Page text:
The municipality, Aliant Telecom, Nova Scotia Power, and the Provincial Department of Transportation and Infrastructure Renewal have different rules about posting election signs.
Halifax Regional Municipality restrictions on election signs
Specific election signage rules are outlined in municipal By-Law S-801, Respecting Licensing of Temporary Signs. [PDF] The following rules provide an overview only. Contact the Elections Office if you aren’t sure about where you can place your signs.
1. Campaign signs must be restricted to private property and can only be placed with the permission of the property owner until:
a. September 1, in the year of a municipal and school board election
b. for a special election, the day council set the date for the election
c. the day the writ is issued for a federal or provincial election
2. Signs cannot:
- obstruct the view of traffic at intersections and driveways
- be installed on utility poles or street trees
- be installed within the street right of way except as listed in By Law S-801 [PDF]
3. All signs must be removed within one week following the election.
Adherence to By-Law S-801 and the above guidelines should avoid any problems; however, any signs posing a safety hazard will be removed by the municipality at the cost of the candidate.
Specific election sign rules from utility companies and the provincial government
In addition to the rules outlined above, all election signs must comply with the following rules as well.
From Aliant Telecom:
"Aliant Telecom does not permit the unauthorized installation of signs, banners, or posters on our telephone poles. These attachments, as well as the associated means of fastening the signage to the pole, pose a safety hazard to all utility technicians who climb the poles."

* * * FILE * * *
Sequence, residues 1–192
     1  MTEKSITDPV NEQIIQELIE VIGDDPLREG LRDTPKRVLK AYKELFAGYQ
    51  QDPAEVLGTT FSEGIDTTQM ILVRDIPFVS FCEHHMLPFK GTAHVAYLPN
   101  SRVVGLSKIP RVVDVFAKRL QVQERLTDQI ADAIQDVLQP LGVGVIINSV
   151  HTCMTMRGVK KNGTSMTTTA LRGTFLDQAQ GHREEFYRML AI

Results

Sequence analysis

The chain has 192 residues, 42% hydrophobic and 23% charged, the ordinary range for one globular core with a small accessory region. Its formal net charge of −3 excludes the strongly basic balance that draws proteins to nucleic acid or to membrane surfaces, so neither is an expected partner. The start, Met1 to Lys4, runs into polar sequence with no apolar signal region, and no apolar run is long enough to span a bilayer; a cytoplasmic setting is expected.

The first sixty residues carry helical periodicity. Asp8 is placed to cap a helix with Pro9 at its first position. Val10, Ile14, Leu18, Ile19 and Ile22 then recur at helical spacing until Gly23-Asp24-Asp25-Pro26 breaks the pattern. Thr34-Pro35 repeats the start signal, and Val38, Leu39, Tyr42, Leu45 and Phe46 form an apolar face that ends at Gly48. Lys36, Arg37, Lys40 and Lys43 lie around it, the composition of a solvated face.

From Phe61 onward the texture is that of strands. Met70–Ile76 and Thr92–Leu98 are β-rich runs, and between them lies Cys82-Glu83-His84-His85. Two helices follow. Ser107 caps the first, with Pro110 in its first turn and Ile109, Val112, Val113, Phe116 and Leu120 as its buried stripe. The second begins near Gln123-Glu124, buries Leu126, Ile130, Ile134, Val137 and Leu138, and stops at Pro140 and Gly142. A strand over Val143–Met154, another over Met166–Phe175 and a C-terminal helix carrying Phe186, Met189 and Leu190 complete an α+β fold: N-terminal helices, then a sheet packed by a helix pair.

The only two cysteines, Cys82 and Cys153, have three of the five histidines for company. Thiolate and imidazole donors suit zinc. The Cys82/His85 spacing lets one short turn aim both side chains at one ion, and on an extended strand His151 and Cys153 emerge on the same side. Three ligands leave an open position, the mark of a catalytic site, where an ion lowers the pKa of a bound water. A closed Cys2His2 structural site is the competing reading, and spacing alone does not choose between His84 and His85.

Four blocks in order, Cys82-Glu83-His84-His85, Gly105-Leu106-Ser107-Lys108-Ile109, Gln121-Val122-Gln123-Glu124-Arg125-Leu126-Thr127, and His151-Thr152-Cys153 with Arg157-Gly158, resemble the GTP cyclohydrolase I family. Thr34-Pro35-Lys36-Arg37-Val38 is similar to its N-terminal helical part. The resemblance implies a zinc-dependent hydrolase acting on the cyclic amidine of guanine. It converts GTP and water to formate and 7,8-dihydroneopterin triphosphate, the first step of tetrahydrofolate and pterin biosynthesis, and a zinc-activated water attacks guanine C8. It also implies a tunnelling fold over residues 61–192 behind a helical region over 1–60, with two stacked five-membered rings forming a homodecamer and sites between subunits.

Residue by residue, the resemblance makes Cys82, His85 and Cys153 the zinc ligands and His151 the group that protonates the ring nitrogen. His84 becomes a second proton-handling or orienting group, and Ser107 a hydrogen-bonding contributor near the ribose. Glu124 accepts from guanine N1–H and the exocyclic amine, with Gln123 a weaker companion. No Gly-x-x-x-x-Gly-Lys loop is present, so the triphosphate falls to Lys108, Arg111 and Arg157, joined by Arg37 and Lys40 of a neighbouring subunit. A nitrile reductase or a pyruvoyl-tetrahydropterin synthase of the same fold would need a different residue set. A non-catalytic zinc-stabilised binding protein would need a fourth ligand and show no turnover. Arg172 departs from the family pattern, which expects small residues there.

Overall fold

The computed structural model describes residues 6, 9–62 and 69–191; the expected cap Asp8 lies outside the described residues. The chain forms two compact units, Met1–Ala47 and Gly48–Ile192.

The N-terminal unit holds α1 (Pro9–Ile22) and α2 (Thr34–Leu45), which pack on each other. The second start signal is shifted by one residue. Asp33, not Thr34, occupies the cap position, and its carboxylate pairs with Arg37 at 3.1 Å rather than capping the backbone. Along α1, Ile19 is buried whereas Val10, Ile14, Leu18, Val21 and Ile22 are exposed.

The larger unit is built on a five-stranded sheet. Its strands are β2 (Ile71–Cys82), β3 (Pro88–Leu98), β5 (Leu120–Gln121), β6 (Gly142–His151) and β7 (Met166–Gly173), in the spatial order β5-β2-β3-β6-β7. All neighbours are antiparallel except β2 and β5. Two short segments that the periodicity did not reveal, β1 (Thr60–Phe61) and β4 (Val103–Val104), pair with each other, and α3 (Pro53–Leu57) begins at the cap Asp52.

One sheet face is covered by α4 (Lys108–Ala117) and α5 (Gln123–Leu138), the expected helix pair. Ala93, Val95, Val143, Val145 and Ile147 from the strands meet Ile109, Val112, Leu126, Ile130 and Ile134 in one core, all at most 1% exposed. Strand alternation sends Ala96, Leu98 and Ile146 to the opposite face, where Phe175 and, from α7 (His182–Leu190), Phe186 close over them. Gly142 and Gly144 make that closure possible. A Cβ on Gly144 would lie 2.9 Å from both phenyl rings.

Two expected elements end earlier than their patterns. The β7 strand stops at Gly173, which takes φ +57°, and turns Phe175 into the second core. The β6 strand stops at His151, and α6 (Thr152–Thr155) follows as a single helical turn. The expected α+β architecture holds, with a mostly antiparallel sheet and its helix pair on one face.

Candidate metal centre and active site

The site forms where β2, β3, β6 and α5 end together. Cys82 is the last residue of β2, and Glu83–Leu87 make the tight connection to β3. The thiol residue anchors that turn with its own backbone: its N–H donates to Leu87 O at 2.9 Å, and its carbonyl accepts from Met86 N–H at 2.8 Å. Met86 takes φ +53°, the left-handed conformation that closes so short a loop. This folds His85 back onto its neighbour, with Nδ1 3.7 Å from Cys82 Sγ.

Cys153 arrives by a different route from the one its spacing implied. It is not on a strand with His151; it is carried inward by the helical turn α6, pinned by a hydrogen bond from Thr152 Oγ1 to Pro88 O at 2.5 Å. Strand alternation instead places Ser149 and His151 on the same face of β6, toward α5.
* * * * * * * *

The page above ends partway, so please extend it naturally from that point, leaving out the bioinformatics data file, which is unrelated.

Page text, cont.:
From Nova Scotia Power:
"Nova Scotia Power Inc. does not permit the unauthorized installation of signs, banners or posters on power poles. These attachments, as well as associated protruding nails and staples, pose a safety hazard to our power line technicians, as well as employees with other utilities, who work on these poles."
From the Provincial Department of Transportation and Infrastructure Renewal:
The Department of Transportation and Infrastructure Renewal has established the following practice regarding election-related signage near provincial roadways, to coincide with the Advertising Sign Regulations.
Controlled access highways
Controlled access highway such as 100-series highways have specific regulations as well.
Election signs are not permitted:
- within 1,000 metres of the centre line of a controlled access highway
- within 60 metres of the end of ramps or controlled access connectors onto connector/non-controlled access highways
Non-controlled access highways
Non-controlled access highways describe most highways in the province of Nova Scotia. You should have approval of adjacent property owner before posting any signs along highways.
Elections signs on highways:
- should not cause hazard by obstructing sight distance at intersections, parking lots, driveways and to posted traffic control signs
- should be behind ditch line or a minimum of three metres behind the curb
- cannot be attached to Department of Transportation and Infrastructure Renewal signs, guardrails, or guide posts
What happens if an election sign violates these rules on highways?
If an election sign violates these provincial guidelines, the Department of Transportation and Infrastructure Renewal will automatically remove signs under 1.2 x 1.2 meters. For any signs bigger than this, the department will contact the office and allow 24 hours for the candidate’s office to remove the sign (after which time the department will remove it). All signs will be taken down with as little damage as possible and stored until the candidate’s office picks them up.